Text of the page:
Pink Moments

Connie Spittler, USA

Essayist and poet, Connie wrote & produced the Wise Women videos, selected for Harvard University’s Library on the History of Women in America.

(Submitted by the author)

The Southwestern artist Georgia O’Keeffe said, “It’s my mountain. God told me if I painted it often enough, I could have it.”

Now in Tucson, Arizona, I gaze at the Catalina Mountains. Today, dark peaks nine thousand feet high rise up and over the cloud strings that wind through the crannies, leading to our personal Shangri La.

In 1540, the Spanish explorer Francisco de Coronado and his expedition trekked through Arizona from Mexico in search of Seven Golden Cities of Gold. They didn’t find the cities, but instead, discovered the Catalina Range.

I look to the mountains, to their heights and ancient shapes. By living beneath their aged wisdom, rock energy invades my soul. My bloodstream absorbs it, as does the beating of my heart. When my husband developed cancer, I told the mountain. When my children have troubles, I take it to the craggy mountaintops. When I am worried, they help me reach deep into my body to breathe.

The "pink moment"
Years ago, like dragonflies, my husband and I lit in a small plane in Ojai, California. At dusk in this town, the residents celebrate their own mountain range, the Topatopas. The “pink moment”, they call it. Townsfolk stop and watch the sun’s dying shafts light up the peaks with pink and lavender. We were told this rite came from the peoples of the Himalayas. Now, often in Tucson, we do the same, knowing that folks in distant places celebrate the same sun and same sunset, like dominoes tripling over around the globe, from one time zone to another. Our Catalinas glow with fragments of rosy light and peaceful intentions too. In that brief instant of time, we accept the reflective color as a brief blessing, soon to fade into evening.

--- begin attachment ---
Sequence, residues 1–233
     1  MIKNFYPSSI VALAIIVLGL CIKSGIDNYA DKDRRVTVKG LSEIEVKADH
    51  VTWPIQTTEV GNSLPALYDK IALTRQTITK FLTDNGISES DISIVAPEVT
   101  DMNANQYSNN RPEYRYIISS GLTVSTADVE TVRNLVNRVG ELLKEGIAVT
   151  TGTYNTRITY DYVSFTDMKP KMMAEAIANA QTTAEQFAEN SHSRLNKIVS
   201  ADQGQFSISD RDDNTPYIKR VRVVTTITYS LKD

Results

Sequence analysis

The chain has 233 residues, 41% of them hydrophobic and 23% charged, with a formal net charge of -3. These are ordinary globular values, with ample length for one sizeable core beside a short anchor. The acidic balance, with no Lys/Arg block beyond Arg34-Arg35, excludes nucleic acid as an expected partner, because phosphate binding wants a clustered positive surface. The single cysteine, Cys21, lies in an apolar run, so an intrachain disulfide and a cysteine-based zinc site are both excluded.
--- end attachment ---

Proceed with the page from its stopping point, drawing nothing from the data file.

Changing Georgia O’Keefe’s idea a bit, if a person watches the mountain long enough, don’t they own it too? Just like the sunset or the purple leaf cabbages that once bloomed like roses in our garden. They remain still ours in memory. An olive tree we planted grew inch by inch with our children, then left them far behind. A hummingbird’s nest floated in the tendrils of our porch vine before the wind swept it away. When I revisit these simple gifts of nature, I own them. Seen through an inner eye, they are stored away forever in my personal vision vault.

Storing up the beauty that surrounds us
My Mother in her 90s is now blind. I grieve for that and hope her inner eye remembers mountains, sunsets and birds’ nests. Her situation pushes me to gently remind others to store up the beauty that surrounds us. One never knows about tomorrow. I look at the Catalinas and believe I own this set of peaks just as surely as Georgia O’K owned hers. For now, I hold the image of my pink moment close. Georgia O’Keeffe had her mountains. I have mine.

Image credit: Glenn Seplak. http://www.flickr.com/people/[email protected]

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